Perhaps a contributing factor to this lack of sequence and clarity in the hero’s personal journey is what I found to be an over-emphasis on the personal journey of the antagonist. Don’t get me wrong – I enjoyed every moment of Loki’s (Tom Hiddleston) descent into villainy, particularly when his Frost Giant face is first revealed. But his story also seems somewhat out of sequence because his reasons for evil are revealed over halfway through the movie. And those revelations are presented the way Thor’s ought to have been: as happening in the moment, rather than as an unveiling of things already present and in motion. It seems there was some confusion about which was truly the main, important character (you’d think the title might have tipped someone off). As a result, hero and villain stories were switched in terms of emphasis and the overall plot of the movie felt awkward at best (weak at worst).

There is little else about Thor worth noting – no, not even Anthony Hopkins. Stellan Skarsgard, maybe. The Asian Viking is weird, I will grant you, but we live in a world that badly wants for political correctness and multiculturality (even when it makes no sense) and so that must go uncommented as well. Also because talking about the Asian Viking would force me to point out that the rest of Thor’s BFFs – Broadsword Barbie, Gimli, and the Scandinavian Musketeer – are equally ridiculous. And I don’t want to do that – that would just be mean.

When all is said and done, Thor is definitely a letdown and definitely the failed child in the pre-Avengers movie family. The only part of it I genuinely enjoyed was the post-credits clip featuring Nick Fury and a reminder that The Avengers Movie Will Be Here Soon And It Will Be Awesome. So I’ll concentrate on looking forward to that…and just pretend that Thor 2 isn’t going to happen.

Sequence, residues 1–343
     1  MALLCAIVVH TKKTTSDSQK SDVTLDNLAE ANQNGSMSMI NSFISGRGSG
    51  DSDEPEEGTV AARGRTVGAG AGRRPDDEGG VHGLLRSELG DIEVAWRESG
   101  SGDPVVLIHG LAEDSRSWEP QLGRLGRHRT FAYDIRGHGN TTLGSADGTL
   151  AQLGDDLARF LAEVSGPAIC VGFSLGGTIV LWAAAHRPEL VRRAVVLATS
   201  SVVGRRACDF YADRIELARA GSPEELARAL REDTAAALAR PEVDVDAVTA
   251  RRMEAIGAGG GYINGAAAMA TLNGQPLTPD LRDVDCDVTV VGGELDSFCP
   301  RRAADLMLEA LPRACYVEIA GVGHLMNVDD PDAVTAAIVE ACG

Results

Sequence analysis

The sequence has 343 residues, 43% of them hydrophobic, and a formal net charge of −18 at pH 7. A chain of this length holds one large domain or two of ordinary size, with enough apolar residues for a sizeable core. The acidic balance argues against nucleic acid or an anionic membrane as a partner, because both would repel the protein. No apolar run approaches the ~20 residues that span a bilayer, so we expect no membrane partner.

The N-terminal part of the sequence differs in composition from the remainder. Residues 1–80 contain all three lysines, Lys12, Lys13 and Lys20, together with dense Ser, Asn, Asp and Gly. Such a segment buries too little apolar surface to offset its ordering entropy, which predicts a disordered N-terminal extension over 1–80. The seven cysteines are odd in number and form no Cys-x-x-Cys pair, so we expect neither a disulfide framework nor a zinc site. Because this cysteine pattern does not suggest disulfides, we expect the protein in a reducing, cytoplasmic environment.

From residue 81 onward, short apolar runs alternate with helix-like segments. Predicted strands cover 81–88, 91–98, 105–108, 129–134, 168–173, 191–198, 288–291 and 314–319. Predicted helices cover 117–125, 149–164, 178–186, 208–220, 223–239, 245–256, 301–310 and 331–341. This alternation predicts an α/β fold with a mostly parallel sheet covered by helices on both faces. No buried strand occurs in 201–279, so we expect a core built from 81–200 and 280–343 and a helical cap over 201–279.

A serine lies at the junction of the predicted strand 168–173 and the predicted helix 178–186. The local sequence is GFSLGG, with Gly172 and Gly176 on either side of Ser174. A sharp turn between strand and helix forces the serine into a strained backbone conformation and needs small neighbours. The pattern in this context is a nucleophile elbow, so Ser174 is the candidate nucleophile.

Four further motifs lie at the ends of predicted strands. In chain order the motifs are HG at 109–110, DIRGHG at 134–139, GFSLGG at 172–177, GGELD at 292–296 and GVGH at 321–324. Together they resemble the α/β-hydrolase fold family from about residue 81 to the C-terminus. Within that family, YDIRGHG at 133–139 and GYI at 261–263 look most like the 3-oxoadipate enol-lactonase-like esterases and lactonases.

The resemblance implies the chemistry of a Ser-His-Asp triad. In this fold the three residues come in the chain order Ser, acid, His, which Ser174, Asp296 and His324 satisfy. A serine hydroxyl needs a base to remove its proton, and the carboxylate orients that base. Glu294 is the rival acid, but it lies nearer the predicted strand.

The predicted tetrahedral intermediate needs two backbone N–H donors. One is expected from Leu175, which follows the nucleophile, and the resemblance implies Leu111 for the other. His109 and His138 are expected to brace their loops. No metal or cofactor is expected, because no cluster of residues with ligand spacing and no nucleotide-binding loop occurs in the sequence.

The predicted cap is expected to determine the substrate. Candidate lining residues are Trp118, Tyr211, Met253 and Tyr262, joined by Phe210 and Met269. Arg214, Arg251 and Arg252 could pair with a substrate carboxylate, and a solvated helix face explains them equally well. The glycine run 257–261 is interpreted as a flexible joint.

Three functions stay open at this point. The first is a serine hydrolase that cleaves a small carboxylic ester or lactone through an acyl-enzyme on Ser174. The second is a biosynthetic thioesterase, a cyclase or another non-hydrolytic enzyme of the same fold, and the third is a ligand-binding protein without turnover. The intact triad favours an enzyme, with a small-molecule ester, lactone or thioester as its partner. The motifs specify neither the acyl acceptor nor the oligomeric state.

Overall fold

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Comments

  • Bansith Grace  On July 12, 2011 at 2:44 AM

    :). Thank you. Haven’t seen the flick yet, but pretty sure your review is gonna be the best part. Wit is so rare theses days, and witty even rarer.

  • Boycool  On July 12, 2011 at 6:03 AM

    Nice to see your blogging hiatus lasted less than four months! Nice to see that you reviewed a movie I saw yesterday. Cool commenting template.

    I think you hit the nail on the head about the CGI. As my old-school dad* put it, “When half the movie’s filmed in front of a green screen, what is there to watch?”

    As for the plot, I found myself too distracted** to care about it. Well, that and I read the summary on Wikipedia two months ago. Once you look past the illogical plot points*** and super corny romance, this is a decent movie. Putting the hammer on Loki’s chest was cool. Devoting ten minutes to Jeremy Renner showing off his crossbow was not. Joss Whedon directed the post-credits scene. And on that note, I’m going to make an omelette.

    * “Yeah “Avatar” looked real… for a cartoon!”
    ** Dad, Christina Ricci was NOT in “Corina, Corina”. Oh look, Stellan Skarsgard! He’s Norwegian, right? Oh look, Natalie Portman! Did she get an Oscar for “Black Swan”? Oh, look Asgard just ends! That’s like “Pirates of the Caribbean”. Stellan Skarsgard was in “Pirates of the Caribbean”. Why does Anthony Hopkins have a dent in his eyepatch? Ray Stevenson looks different. Why are they giving so much attention to that chick from “Kyle XY”? That isn’t Cary Elwes, is it? Why is Stan Lee so purple?
    *** How did Norwegian children’s writers know what would happen in the future? If the Asgardians built the bridge once, why can’t they build it again.

  • Boycool  On August 9, 2011 at 5:48 AM

    And what about Captain: America: The First Avenger?